Chinese New Year in Japan Holiday 2011

Jumat, 28 Januari 2011

Japan is a fascinating and favourite country to visit. Not only Japan has many famoust tourist places start from modern city like Tokyo until historical imperial city Kyoto, but also Japan is the center of fashion and wearing style in Asia.

As one of the biggest economic growth country in the world, Japan become the target for businessmen to visit. Before we plan to visit Japan, it is better if we know its public holiday date.

The holiday date is important for those who want to travel and doing some business in Japan. While holiday, the tourist sites of course will be more crowded as well as the fares will be counted as high season fare.

Japan have 15 official holidays in a year. But most of the holidays are based from traditional occassions. The most important holiday may be New Year's day which start from 1st January, and usually last until the 3rd, and many business re-open on the 4th or 5th.

It is a suprise that Christmas is not the public holiday in Japan. 25th December is a working day, and many business are open, although many Japanese are celebrating Christmas as a festival not as a religious occassion.

Chinese New Year in Japan

Japan once was under Chinese imperial, and due to their close location, some Japanese festivals have their roots in Chinese festivals but have undergone dramatic changes as they mixed with local customs.

The best place to watch Chinese new year celebration in Japan is in Yokohama Chinatown.

It is this destination that celebrates the Chinese New Year with full enthusiasm. From Dragon Dances to Lion Dance Blessings, Yokohoma treats you with all the traditional events that form a part of the Chinese New Year. The dance performers from the Lion Dance troop entertain and thrill the viewers with “tsai qing” style of dance. During and after the performance, the dancers collect “hong pao” from the various shops of Chinatown. These “hong pao” are money kept in red colored envelops or packages.

Chinese New Year traditions in Japan:

As a part of the Chinese New Year celebration in Japan, the year 2011 will also see mass participation in various traditions. Some of the traditions followed during this time are:


Otoshidama, Japanese Angpao

Otoshidama is an important tradition, where children are given money in envelops. This tradition is same like the custom followed by the Chinese during Chinese New Year. The money is placed in beautiful envelops, which are also known as ‘pochibukuro’. Envelops are same like Goshugi, which are used during the Chinese New Year. In olden days though, a mochi bag w as accompanied by Mandarin oranges, which were meant to spread joy.


Having ‘mochi’ on the New Year is yet another tradition, which is widely followed in the country as a part of the New Year celebrations. Rice cake s are prepared out of the sticky stalk of boiled rice and eaten to begin the New Year. Kagami Mochi is further prepared from Mochi as a part of the New Year decoration. Mochi’s sticky nature makes it hazardous for health. Several deaths are reported as a result of Mochi consumption.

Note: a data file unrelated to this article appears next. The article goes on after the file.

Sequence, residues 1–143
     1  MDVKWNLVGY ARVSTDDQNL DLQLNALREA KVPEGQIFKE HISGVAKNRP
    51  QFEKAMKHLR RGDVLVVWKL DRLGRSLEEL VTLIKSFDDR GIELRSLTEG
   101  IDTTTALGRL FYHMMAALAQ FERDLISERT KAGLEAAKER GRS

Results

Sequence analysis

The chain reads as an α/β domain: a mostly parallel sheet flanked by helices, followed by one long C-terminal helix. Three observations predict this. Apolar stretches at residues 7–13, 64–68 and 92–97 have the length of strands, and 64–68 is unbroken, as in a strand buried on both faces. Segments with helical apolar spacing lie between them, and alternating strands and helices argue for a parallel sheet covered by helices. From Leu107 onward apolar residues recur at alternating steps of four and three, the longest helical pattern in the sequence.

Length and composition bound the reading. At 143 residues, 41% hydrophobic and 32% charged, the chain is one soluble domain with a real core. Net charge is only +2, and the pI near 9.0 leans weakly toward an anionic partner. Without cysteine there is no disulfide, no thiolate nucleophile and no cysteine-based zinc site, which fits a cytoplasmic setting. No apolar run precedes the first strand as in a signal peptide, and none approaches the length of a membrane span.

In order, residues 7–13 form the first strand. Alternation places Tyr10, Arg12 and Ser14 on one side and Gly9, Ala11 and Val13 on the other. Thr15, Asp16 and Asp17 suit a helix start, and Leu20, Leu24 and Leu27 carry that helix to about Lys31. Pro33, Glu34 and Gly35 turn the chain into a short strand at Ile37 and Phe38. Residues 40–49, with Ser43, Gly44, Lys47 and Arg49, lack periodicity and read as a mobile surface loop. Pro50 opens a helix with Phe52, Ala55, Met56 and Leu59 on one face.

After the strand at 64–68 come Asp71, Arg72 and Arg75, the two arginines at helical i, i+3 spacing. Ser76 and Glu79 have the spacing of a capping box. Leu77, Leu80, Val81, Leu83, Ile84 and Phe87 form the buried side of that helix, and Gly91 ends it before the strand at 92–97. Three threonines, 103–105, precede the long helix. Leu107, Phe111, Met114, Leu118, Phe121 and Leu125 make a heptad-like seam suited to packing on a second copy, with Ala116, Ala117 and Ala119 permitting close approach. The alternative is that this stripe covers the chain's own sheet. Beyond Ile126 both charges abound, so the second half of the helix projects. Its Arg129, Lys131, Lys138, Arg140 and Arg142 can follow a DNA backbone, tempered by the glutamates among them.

Chinese New Year at Yokohama Chinatown

Yokohama Chinatown

The Chinese are everywhere in the world. They often build Chinatown and make their living on their own. In 1858, Japan opend its door to other countries. Port of Yokohama was opened in the following year. Various countries created their settlements there. The Chinese too moved to Yokohama as the translator and broker between the Japanese and the Westerners. As their number grew, they built their own town here. Chinatown collapsed after the Great Kanto Earthquake in 1923, and the WWII discouraged their economic activity thoroughly. Since the war ended, Chinatown recovered gradually. It became the touristic site for the Japanese when diplomatic relations were established between China and Japan. Nowadays, it is more like a commercial site for tourists rather than for the Chinese immigrants.

Shunsets (Chunjie in Mandarin) is the celebration of Chinese New Year. Because they use the lunisolar calendar, the Chinese celbrate a different date than the Westerners and the Japanese. It was Febryary 18 in 2007, and will be February 7 in 2008 and January 26 in 2009. On the eve, they have countdown party. At midnight, they explode bakuchiku (firecracker) which gets rid of devils as the Chinese believe.

Chinatown also shows a performance of Chinese dance as well as lion dance during the shunsets season. Shishimai (lion dance) was changed a lot and adopted by the Japanese culture. However, here you can see the original dance by the young Chinese who communicate with each other during their performance in the perfect shape in Japanese.

Nagasaki Lantern Festival
Annual Nagasaki Lantern Festival in Nagasaki, Japan

Yokohama Chinatown
Lion dance at Yokohama Chinatown

Yokohama Chinatown
Chinese temple at Yokohama Chinatown

Watch Lion dance during Chinese New Year in Yokohama Chinatown Video here

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